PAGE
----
The Clinical and Histological Effects of Ethanolamine in Varicose Veins

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Abstract

Objective:

To study the histological changes in varicosities after injection of 5% ethanolamine.

Design:

A prospective study in nine groups of six patients awaiting bilateral varicose vein surgery.

Patients:

Each patient had a below-knee incompetent perforating vein injected with either 0.5, 1.0 or 2.0 ml 5% ethanolamine. The contralateral varicosity received a similar volume of normal saline.

Intervention:

The patients wore elasticated stockings until admitted for operation at 2, 4 or 8 weeks after the injections. The injected varicosity was then dissected out.

Main outcome measures:

Each vein was reported on by a histologist who did not know which had received ethanolamine or saline. The histologist graded each vein according to the severity of change from 0 (no effect) to 5 (total obliteration of vein).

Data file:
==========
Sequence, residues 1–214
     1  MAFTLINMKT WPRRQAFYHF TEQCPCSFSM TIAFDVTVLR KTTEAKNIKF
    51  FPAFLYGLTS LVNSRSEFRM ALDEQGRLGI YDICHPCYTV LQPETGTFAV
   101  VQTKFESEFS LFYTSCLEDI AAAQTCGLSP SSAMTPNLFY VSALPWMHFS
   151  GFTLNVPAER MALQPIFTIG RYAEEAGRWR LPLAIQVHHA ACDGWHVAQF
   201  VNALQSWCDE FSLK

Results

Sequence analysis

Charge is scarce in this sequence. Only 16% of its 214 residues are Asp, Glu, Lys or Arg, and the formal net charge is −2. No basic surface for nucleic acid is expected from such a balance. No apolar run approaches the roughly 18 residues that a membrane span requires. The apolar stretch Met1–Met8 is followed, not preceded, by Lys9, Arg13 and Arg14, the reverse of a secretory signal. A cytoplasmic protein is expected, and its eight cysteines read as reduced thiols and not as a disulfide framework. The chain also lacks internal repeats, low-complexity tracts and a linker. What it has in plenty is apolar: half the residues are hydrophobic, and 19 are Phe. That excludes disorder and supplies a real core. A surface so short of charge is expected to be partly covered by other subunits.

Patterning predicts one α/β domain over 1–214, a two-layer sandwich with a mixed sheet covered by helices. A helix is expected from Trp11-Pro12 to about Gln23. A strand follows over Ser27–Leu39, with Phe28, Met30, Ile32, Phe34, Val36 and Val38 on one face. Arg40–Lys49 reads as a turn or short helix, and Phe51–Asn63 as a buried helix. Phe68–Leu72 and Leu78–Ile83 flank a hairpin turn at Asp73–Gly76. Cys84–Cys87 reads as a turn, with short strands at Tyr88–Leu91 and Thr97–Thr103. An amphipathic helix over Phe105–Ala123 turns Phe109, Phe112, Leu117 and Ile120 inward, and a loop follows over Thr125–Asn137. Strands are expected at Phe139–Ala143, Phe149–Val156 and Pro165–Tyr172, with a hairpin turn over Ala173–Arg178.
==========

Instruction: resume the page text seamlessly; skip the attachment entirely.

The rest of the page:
Results:

Ethanolamine at 0.5, 1.0 and 2.0 ml caused extensive histological damage to the varicosity. After 8 weeks most varicosities had been destroyed.

Conclusion:

Ethanolamine, unlike sodium tetradecyl sulphate, causes complete destruction of a varicosity. A dose of 0.5 ml is just as effective as 2.0 ml.

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